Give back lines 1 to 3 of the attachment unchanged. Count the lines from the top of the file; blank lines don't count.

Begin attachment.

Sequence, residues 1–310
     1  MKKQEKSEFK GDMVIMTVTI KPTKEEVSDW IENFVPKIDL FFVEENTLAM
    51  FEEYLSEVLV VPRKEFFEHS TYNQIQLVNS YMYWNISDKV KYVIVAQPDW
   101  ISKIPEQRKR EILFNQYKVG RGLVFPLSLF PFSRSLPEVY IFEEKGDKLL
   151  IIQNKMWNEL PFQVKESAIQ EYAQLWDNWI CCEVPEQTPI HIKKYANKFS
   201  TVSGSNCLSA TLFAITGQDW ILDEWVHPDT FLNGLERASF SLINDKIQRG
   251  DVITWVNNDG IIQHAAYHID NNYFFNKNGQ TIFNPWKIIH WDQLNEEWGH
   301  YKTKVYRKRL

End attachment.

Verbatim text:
Sequence, residues 1–310
     1  MKKQEKSEFK GDMVIMTVTI KPTKEEVSDW IENFVPKIDL FFVEENTLAM
    51  FEEYLSEVLV VPRKEFFEHS TYNQIQLVNS YMYWNISDKV KYVIVAQPDW